Colina- Santana by Diogo Alves

Between 1836 and 1840, the famous aqueduct killer robbed and murdered seventy people by throwing them off the Águas Livres Aqueduct.

Diogo Alves was sentenced to death and became the penultimate hanged criminal in Portugal. After the execution, scientists separated his head from the body (headless Nick anyone?) and studied his brain in an effort to gain understanding into his violent actions. His head is now preserved in a flask at the Museu da Faculdade de Medicina de Lisboa.

Diogo tells us that other men were, like him, “unjustly” hanged on this hill, giving rise to the famous Praça dos Mártires da Pátria (Martyr’s Square) in Arroios.

Colina- São Jorge by Maria Severa

The famed fado singer and portuguese guitarist recounts several tales on the hill of São Jorge.

During the Siege of Lisbon in the Christian Reconquesta, knight Martim Moniz sacrificed himself by lodging his body in the doorway of the Castle São Jorge to prevent the Moors from fully closing the door, gaining time for his fellow soldiers to arrive and secure the door, leading to the eventual capture of the castle.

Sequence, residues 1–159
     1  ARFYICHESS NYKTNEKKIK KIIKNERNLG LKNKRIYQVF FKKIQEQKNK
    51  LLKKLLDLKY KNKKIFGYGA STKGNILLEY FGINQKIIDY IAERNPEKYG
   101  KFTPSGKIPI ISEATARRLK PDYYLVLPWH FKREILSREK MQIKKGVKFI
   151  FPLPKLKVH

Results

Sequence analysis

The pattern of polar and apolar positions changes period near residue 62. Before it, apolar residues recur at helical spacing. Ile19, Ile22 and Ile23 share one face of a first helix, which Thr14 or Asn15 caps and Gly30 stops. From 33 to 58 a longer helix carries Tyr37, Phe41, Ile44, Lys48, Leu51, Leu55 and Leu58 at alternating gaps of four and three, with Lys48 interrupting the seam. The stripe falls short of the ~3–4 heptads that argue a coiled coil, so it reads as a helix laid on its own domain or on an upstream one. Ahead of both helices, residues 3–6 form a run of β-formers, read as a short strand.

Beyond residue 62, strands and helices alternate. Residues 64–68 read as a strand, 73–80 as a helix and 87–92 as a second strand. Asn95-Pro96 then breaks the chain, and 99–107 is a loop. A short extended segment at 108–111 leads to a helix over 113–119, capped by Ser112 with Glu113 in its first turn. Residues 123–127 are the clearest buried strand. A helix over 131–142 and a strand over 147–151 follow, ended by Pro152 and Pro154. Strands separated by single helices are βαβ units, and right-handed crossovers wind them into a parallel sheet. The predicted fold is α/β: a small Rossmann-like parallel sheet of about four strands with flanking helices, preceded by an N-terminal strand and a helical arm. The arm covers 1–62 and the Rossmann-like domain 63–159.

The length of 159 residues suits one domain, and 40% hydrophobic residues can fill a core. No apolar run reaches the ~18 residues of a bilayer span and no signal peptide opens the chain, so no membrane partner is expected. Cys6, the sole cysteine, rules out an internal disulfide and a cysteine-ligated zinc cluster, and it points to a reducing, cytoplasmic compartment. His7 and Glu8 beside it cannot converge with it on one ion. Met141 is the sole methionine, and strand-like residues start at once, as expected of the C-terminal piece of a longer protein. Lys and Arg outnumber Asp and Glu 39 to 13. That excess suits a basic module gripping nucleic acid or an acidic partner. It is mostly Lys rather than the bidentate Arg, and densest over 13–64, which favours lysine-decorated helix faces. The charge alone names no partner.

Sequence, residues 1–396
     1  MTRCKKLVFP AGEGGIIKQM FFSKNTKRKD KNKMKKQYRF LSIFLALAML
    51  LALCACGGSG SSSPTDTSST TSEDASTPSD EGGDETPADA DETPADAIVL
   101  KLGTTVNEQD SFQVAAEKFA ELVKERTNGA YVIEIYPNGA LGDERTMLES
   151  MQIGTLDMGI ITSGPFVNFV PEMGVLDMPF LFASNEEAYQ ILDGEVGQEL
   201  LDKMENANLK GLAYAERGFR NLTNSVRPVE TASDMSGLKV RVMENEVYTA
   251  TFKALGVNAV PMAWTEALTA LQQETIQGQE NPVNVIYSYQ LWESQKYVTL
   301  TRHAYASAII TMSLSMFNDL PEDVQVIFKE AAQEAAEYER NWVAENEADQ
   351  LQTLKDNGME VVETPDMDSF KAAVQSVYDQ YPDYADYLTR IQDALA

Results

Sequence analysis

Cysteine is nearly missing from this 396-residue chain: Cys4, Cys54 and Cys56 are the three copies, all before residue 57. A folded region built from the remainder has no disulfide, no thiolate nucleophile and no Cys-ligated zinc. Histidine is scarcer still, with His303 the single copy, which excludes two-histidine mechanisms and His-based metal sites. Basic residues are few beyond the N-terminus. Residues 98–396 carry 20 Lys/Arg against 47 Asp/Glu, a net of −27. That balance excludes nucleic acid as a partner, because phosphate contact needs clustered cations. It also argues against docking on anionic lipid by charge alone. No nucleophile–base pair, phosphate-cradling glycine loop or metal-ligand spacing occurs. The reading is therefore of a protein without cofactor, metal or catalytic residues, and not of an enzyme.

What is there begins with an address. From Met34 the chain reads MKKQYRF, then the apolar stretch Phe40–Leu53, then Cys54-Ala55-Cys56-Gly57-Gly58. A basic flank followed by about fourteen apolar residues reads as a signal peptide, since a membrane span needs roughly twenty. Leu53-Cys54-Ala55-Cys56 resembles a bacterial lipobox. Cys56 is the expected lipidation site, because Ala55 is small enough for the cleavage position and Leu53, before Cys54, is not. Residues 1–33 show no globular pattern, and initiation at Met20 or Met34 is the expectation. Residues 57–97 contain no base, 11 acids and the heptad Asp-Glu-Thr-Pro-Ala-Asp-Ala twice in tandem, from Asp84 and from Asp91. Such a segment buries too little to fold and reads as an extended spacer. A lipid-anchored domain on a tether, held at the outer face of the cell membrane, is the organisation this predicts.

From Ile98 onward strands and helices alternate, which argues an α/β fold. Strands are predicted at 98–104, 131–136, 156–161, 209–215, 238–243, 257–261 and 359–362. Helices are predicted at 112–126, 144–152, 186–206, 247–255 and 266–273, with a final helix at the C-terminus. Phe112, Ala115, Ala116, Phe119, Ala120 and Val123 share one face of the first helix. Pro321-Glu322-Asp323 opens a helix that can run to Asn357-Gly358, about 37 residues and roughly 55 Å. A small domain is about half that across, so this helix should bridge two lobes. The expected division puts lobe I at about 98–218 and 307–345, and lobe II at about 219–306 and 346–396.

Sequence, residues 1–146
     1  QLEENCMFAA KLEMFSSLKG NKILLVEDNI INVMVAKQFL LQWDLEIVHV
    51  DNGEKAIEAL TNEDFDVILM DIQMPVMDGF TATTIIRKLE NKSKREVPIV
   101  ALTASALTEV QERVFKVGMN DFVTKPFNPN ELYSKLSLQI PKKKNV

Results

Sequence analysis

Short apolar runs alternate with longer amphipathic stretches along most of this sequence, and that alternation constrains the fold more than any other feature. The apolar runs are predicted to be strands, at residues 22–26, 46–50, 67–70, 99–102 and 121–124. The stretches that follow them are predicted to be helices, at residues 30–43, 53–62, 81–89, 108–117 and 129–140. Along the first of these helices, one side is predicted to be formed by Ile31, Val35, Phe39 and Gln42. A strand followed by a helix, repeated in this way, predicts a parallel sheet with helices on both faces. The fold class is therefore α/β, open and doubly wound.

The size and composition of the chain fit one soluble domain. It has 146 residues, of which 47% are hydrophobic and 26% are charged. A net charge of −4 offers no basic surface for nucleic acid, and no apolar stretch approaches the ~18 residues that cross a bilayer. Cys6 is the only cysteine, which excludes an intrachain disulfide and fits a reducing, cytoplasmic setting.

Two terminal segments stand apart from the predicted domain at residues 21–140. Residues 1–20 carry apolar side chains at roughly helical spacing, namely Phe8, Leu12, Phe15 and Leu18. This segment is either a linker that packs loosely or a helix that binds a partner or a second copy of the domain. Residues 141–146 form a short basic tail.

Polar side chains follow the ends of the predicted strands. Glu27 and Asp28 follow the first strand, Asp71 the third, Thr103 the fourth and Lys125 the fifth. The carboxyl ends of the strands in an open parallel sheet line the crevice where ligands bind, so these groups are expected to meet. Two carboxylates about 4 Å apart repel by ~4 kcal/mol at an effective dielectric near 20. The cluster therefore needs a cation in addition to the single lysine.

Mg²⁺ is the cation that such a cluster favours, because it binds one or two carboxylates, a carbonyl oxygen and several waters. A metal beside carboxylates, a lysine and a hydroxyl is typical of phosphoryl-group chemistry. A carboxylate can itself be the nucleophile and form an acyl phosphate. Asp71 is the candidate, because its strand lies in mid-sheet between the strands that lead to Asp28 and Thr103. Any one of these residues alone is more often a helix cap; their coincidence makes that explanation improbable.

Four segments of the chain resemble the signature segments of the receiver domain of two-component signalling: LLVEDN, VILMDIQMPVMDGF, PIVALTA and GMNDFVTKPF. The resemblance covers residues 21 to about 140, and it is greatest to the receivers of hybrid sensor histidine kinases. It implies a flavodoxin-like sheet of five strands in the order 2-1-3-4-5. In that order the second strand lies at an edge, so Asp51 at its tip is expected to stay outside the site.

At the Lisbon Cathedral, suspecious of the Bishop Dom Martinho Annes plotting with the Castilians, the angry residents threw him out of the window of the northern tower.

At the Madalena Church, a poor boy escaped death after seeing the image of the Christ of Forgiveness.

Immediately in front of Largo do Limoeiro, next to the old jail, we find Pátio do Carrasco. This is where the last executioner of Portugal Luis António Alves dos Santos once lived. Some say that there’s an underground tunnel through which Luís walked to the Limoeiro prison, where screams can still be heard today.

Colina- São Roque by Dona Maria II

Her Majesty, Queen Maria II guides us up São Roque hill.

The name of this hill is linked to the story of São Roque: the saint who caught the disease that he helped to cure.

The Queen, accompanied by Alexander Search, tells us that from the top of this hill she can see its theatre and all the surrounding area, such as the famous Café Gelo that D. Maria II remembers as a place that became famous among the Portuguese at the time.

Colina- Santo André by Marquis of Pombal

The great Marquis of Pombal introduces us to the Santo André hill.

Marquês shows us how after the 1755 earthquake, the city was rebuilt with “burro” bricks, made with the clay – a mixture of mud and bones from the numerous cemeteries on this hill. This is where the famous expression “Fazer Tijolo” comes from, usually associated with someone’s death.

Our guide tells us that at the top of this hill is the Chapel of Nossa Senhora do Monte and its famous chair of São Gens, which has miraculous powers and is still sought after today.

Colina- Chagas by D. Nuno Álvares Pereira

The hill of Chagas is as noble as its host – D. Nuno Álvares Pereira.